Data & Society researchers Mary Madden, Amanda Lenhart, and Claire Fontaine explore youth news consumption behavior on mobile and social media. It reveals how young people are adapting to a changing media environment to access news they trust.
In 2017, what it means to “know what’s going on in the world” has become a hotly contested issue. Years of change and innovations in the journalism industry have radically transformed the way Americans consume, share and even produce their own forms of news. At a deeper level, the public’s eroding trust in journalistic institutions and the rise of a highly politicized networked digital media environment have underscored the urgent need to understand how these disruptions might evolve in the future.
As is often the case with technological revolutions, young people are on the front lines of change. They are deeply immersed in social media and mobile technologies in their daily lives, and are tasked with navigating an increasingly malleable media environment. And as researchers seek to understand the shifting behaviors and attitudes of today’s young news consumers, it has become increasingly important to reexamine the shifting boundaries of what counts as “news.” If we want to understand the place that news holds in young people’s lives, it is imperative that we understand their language, their conceptual models, and their frames of reference. These are the kinds of insights that interpretive qualitative research has the potential to surface.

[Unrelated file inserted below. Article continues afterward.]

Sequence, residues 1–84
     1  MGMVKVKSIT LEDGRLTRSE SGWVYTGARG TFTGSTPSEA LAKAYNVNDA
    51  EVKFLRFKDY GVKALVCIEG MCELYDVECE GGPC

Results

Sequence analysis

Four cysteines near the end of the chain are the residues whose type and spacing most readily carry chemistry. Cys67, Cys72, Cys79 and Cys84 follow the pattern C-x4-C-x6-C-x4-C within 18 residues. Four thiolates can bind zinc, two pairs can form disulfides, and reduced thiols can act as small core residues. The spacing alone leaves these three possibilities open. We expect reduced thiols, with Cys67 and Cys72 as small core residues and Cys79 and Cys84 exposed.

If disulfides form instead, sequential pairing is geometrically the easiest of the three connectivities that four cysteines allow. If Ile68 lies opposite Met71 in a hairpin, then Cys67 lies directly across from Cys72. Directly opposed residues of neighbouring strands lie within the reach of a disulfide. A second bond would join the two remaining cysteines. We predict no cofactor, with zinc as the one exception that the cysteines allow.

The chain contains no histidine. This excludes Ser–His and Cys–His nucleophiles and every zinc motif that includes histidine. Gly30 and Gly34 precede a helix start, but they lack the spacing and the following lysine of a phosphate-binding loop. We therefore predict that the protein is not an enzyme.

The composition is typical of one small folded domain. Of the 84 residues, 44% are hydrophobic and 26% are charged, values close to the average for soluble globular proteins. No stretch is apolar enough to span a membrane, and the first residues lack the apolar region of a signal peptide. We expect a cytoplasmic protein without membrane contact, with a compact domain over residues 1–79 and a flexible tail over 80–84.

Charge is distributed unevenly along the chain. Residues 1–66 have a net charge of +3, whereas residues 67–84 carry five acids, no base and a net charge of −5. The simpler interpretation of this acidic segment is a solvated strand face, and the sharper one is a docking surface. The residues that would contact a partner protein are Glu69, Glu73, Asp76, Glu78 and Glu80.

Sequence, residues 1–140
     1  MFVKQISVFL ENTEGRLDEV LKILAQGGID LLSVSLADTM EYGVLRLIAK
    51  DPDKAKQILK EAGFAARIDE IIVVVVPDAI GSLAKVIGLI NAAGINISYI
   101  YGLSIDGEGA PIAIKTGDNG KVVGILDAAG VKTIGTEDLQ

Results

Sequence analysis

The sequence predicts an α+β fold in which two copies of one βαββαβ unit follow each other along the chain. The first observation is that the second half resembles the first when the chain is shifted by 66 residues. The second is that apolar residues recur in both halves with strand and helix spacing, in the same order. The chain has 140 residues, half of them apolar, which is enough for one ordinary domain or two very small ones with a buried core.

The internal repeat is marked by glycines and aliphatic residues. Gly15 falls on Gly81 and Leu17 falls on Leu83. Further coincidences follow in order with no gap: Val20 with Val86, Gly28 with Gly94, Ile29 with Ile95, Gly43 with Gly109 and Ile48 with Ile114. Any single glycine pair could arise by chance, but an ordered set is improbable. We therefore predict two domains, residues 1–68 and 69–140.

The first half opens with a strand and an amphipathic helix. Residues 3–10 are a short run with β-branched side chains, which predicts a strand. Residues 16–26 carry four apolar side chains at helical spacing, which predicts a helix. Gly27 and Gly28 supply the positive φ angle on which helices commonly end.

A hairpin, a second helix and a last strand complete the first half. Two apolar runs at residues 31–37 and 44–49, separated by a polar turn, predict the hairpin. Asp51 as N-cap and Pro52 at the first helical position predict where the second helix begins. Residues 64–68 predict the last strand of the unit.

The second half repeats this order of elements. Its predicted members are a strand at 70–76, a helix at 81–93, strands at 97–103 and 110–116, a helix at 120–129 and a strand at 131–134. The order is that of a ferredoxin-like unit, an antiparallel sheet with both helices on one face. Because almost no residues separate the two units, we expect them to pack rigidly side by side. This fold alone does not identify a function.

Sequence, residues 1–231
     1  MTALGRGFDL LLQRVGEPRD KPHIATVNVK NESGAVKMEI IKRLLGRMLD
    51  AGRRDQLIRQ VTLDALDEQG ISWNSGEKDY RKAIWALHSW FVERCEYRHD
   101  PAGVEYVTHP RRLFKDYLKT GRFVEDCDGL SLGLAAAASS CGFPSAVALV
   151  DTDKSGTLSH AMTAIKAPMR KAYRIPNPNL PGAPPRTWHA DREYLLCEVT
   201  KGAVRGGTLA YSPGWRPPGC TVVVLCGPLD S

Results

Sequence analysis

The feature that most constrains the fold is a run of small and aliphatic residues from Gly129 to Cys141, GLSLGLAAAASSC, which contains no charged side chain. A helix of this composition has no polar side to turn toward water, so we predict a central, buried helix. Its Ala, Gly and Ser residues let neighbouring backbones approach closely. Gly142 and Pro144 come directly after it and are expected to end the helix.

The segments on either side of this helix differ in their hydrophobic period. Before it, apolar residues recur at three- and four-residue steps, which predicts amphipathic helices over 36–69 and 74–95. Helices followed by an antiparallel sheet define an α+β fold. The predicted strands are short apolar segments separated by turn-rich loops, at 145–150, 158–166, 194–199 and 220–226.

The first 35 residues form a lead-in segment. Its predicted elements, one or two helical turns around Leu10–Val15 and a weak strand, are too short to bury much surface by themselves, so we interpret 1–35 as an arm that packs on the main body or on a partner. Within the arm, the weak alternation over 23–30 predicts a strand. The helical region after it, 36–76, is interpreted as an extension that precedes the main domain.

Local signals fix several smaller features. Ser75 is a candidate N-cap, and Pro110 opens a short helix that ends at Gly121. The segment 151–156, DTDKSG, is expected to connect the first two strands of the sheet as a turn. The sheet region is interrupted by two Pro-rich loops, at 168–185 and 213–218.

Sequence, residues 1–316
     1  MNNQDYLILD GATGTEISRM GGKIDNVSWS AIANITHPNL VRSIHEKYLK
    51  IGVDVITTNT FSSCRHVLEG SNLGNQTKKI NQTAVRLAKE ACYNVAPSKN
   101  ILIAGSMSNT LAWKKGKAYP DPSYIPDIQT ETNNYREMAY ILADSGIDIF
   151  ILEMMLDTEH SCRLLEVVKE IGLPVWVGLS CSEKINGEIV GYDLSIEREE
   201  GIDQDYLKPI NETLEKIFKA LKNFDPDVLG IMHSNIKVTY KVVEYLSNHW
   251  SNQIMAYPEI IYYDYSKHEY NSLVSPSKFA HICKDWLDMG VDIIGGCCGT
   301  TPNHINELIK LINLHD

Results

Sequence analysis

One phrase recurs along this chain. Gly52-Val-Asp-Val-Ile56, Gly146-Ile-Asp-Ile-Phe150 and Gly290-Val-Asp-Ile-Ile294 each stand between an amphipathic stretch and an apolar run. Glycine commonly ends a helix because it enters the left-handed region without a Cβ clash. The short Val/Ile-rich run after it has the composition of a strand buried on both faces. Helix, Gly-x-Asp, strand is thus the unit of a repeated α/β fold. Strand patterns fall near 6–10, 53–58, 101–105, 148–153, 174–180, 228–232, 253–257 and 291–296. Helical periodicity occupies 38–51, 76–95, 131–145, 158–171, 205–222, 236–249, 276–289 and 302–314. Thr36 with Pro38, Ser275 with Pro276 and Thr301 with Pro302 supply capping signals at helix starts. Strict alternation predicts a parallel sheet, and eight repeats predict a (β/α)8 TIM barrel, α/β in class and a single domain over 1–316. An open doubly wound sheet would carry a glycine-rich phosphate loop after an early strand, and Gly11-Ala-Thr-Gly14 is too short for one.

In June and July of 2016, Knight Foundation commissioned a series of focus groups with 52 teenagers and young adults from across the United States to learn more about how young people conceptualize and consume news in digital spaces—with a focus on understanding the growing influence of mobile devices, social media and messaging apps. The research team conducted six exploratory focus groups of about 90 minutes each in three cities in the United States: Philadelphia, Chicago and Charlotte, North Carolina. Participants were between the ages of 14 and 24 and included an even mix of young men and women.